Igor Stravinsky’s The Firebird is more than 110 years old, and this curtain, set, and costume experience debuted in New York’s Metropolitan Opera House in 1945, but clearly, Chagall is timeless in his surreal inventiveness. We’ve legalized pot, and people are now talking about magic mushrooms, and Chagall offers his own fantastical imagery that requires neither to enjoy how untethered one can be to this reality, our constructed one.
He created over 80 costumes, including trippy animals and monsters in thickly rich hues, fabrics, appliqué, and embroidery. The scenes were unveiled with such sweet and creaming dollops that before you knew it, everyone was submerged and swimming in dripping colors, swept along by the diaphanous pageant, the ever-elegant movements and unpredictable treasures buoying this dream. The final scene could easily be from an anime adventure, a metaverse convention, or a CGI-filled cinematic melding of real and conjured. Was this old, or was this leading us into a cosplayed future?
The afterparty played further with perceptions; the ballet audience poured into the Phillip Johnson-designed lobby with open walkways surrounding it multiple stories into the air, anchored by the amorphous lovers, Elie Nadelman’s two nudes. With bourbons and beers in hand, the bobbing light fixtures dabbed down and up from their cages above us like so many sea creatures at organic intervals. At the same time, DJ Gaspar Muniz playfully danced while lording the turntables and flooding the cavernous space with Brazilian, African, Hip-hoppian, and funktastic clouds of color.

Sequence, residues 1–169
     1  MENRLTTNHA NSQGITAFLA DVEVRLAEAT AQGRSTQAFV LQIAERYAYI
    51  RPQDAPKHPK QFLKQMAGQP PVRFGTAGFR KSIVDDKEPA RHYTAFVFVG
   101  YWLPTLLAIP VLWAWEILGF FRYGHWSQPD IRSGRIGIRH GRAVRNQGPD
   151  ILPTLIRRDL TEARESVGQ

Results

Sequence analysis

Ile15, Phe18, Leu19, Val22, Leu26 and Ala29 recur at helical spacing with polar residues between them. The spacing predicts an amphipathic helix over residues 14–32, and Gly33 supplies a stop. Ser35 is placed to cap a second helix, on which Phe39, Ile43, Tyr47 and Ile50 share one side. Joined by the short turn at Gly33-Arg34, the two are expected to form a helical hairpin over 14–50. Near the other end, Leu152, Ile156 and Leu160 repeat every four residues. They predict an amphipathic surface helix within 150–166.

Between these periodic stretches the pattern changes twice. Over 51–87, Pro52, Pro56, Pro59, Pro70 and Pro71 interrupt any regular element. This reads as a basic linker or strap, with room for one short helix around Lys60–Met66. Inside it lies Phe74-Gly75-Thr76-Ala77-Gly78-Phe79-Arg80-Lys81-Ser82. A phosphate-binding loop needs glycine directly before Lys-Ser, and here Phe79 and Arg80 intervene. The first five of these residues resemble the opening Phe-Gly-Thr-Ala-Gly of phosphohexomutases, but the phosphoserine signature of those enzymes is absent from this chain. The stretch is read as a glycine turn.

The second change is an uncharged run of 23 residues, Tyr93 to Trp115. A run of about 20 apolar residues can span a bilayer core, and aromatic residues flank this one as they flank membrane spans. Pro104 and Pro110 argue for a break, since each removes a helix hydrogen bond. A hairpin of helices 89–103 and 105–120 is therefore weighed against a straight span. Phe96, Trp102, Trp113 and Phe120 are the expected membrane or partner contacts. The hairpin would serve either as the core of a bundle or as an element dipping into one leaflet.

Interrupting the DJ’s sonic reverie briefly, NYC Ballet solo pianists Elaine Chelton and Alan Moverman performed Philip Glass’ Les Enfants Terrible: Elizabeth Chooses a Career on facing pianos. They played in a circle of rapt, appreciative attendees who were buffeted by outer layers of the excited cocktail chatter. The rhythmic, almost hypnotic tones helped us ground ourselves while opening an understanding of the Shylights that were plunging and gently bouncing through space just above our heads. The large-scale installation by Artists Lonneke Gordijn and Ralph Nauta of Amsterdam-based art duo called DRIFT permanently altered the sense of reality that had already been dislodged within the theater, and the booze made sure we never did quite connect with the quotidian worries of the week again.
The final act was a burger and french fries at a glaringly bright and bustling New York diner closer to Columbus Circle. Even then, the lemon meringue pie, coconut cream pie, carrot cake, and five-layered chocolate cake beckoned to passersby like the year 1955. From the rotating rack behind the glass, the desserts’ seductive promised sweetness made us drowsy with dreams of monsters and ballerinas.